Alex Mastretti, engineering manager of the security intelligence and response team at Netflix, recently declared the formation of a “SOCless detection team,” signalling a shift in their security program in an effort to bring detection and response closer together. Optimizing your team’s approach to security can feel like a huge, but worthwhile undertaking, and as we discussed in our post, “Time to Blow Up the SOC?” the time for change is now. Many teams are re-examining their organizations’ security programs come to the realization that their SOC may be burdening their team’s efforts instead of helping them. As Alex so deftly put it, “The last thing we want is a bunch of lame alerts creating busy work for a large standing SOC.”
In short, a SOC is often faced with a constant barrage of data, making it nearly impossible to keep up with alerts, nevermind respond to them appropriately. Issues such as alert fatigue are very real and put the security of entire organizations in jeopardy. Improving data quality and automation are two key factors that Alex addresses, and they can go hand in hand to minimize false positives and help effectively respond to attacks as soon as they happen.
First, when it comes to data, more is more – but that could mean more alerts, not increased protection As we often say here at Capsule8, “The answer to more efficiently finding the needle in the haystack isn’t collecting more hay.” It’s crucial to focus on telemetry data that can provide meaningful signals and not just noise. Data pumped in through a traditional security appliance, for example, can provide a look at network traffic but not the necessary context to make a good, and immediate, call. This means your confidence in each potential alert is lower, so you have to investigate each one and eat up valuable time and resources that could be spent on more meaningful security issues. Relevant data on the machine level provides better visibility into what’s happening on a file system, what’s happening in memory, what’s happening in the OS, and even what’s happening in the application (for common applications). That’s telemetry data that can help you hone in on important signals and push aside the false positives that can divert the attention of your team.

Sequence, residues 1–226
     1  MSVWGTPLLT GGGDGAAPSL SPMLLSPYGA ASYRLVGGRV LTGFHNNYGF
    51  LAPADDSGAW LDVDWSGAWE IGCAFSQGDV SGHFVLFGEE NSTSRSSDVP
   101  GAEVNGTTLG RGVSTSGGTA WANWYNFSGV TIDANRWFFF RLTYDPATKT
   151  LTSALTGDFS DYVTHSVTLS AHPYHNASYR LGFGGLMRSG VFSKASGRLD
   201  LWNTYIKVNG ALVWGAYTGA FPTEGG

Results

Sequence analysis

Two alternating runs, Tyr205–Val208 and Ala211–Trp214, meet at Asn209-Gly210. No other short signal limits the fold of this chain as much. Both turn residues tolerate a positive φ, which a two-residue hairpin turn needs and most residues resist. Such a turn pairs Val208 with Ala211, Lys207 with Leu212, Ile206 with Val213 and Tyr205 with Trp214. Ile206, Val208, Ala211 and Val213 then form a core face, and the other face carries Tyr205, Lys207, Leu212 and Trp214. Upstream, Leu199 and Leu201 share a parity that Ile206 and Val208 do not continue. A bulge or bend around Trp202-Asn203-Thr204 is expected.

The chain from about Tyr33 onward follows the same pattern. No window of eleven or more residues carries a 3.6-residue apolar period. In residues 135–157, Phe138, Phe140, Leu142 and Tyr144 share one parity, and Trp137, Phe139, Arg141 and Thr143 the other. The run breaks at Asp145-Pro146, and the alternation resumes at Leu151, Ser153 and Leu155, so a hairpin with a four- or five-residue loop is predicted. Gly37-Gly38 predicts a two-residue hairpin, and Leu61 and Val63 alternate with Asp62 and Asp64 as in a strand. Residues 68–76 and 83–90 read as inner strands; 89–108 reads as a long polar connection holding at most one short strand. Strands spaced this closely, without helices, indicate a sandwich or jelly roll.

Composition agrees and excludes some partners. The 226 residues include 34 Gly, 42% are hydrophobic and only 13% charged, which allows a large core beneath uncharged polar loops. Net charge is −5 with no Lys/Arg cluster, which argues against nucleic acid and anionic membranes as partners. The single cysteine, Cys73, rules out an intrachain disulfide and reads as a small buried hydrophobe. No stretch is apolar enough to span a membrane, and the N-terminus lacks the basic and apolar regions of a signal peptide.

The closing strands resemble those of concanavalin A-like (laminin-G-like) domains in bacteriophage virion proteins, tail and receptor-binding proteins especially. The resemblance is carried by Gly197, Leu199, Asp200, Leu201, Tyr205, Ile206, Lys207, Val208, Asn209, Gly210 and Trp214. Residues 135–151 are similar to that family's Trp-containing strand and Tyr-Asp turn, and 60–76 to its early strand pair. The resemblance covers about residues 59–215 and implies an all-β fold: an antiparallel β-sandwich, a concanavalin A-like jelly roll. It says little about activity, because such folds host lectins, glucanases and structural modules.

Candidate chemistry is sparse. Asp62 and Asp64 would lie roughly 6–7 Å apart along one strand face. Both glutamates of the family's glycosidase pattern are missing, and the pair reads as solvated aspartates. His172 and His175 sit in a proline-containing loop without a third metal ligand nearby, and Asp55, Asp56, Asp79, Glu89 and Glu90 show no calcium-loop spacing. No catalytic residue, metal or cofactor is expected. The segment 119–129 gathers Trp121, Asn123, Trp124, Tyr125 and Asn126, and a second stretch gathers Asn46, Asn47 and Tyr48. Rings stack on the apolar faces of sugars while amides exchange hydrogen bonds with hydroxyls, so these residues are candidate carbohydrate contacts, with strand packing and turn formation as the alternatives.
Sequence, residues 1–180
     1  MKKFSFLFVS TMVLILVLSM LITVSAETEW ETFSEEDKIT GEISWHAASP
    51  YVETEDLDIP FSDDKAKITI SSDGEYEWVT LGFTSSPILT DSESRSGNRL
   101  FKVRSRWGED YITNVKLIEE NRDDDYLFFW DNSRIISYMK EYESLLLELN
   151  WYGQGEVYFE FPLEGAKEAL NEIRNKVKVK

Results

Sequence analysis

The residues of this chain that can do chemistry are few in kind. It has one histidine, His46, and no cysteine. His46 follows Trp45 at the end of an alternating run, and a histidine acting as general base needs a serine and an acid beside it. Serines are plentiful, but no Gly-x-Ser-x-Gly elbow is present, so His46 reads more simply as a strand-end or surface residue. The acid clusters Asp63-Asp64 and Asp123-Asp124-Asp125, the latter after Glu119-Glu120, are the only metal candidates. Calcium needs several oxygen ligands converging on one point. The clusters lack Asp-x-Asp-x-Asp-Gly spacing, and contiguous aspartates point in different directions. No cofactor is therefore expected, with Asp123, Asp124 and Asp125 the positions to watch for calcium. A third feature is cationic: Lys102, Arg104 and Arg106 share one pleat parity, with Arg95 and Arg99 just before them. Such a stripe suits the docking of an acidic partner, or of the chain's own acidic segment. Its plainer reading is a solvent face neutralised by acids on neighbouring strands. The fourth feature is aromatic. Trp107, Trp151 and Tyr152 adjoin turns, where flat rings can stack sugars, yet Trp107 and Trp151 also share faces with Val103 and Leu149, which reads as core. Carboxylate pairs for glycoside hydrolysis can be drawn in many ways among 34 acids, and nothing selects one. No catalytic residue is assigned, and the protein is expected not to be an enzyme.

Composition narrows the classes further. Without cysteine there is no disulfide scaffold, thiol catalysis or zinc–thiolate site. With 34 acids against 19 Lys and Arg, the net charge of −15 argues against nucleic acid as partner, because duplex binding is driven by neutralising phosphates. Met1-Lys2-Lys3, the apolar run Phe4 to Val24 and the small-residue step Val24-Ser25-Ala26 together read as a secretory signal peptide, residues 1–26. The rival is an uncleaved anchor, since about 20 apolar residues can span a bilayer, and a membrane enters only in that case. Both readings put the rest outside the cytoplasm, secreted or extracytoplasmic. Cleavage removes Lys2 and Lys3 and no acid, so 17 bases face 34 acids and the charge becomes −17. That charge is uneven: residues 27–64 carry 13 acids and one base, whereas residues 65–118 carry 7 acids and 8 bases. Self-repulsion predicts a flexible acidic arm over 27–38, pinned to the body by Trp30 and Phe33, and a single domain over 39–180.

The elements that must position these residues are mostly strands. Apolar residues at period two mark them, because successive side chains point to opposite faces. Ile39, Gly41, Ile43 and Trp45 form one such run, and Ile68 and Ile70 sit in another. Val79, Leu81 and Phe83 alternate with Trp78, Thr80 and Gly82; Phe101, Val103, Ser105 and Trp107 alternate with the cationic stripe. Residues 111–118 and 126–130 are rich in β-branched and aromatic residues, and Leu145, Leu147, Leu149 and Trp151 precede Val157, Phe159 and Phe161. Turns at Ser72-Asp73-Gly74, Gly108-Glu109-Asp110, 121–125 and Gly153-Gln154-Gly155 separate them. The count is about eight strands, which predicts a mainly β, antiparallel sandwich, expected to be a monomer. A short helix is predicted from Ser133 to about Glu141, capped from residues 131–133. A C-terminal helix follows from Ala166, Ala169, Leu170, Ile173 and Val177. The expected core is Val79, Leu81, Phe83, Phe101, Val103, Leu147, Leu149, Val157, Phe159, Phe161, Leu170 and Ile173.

Second, security teams should be focused on automation to aid in providing quick and effective responses to stop attacks as they happen. As Alex discusses, “every triggered rule should fire automation before it fires an alert to a human. When a human gets an alert they should be the right person, and be provided the right context and the right set of options.” This approach of “decentralizing alert triage to system experts,” will help immediate investigation when there is the highest probability of a real attack and monitoring the truly critical events in real time. To take it one step further, automated responses such as such as strategically killing attacker connections or restarting workloads upon detection of an attack can disrupt them as soon as they are detected, saving the crucial seconds, minutes, hours, or even days it would take for a typically SOC response. Another key aspect of this approach is aligning the pain of alert fatigue with the security team responsible for the systems that generate them. By aligning the alert triage with those who have the ability to reduce them, incentives are aligned for high-quality alerts.
This “SOCless” approach could also be (and was, by one of our co-founders) called “Capsule8 in a box.” It’s a more proactive approach to security so time and resources aren’t wasted by false alerts and ensuring the ensuing response is the right one. This approach will help to cut down on wasting countless hours investigating false alarms and our “shoot first, ask questions later,” strategy for attack disruption means that alerts that are highly likely to be real attacks can be stopped faster, before any damage is done.
Driving toward the SOCless enterprise is the motivation behind the Capsule8 Platform. Over the coming weeks, expect more from us on how security engineering organizations can take the journey to becoming SOC-less.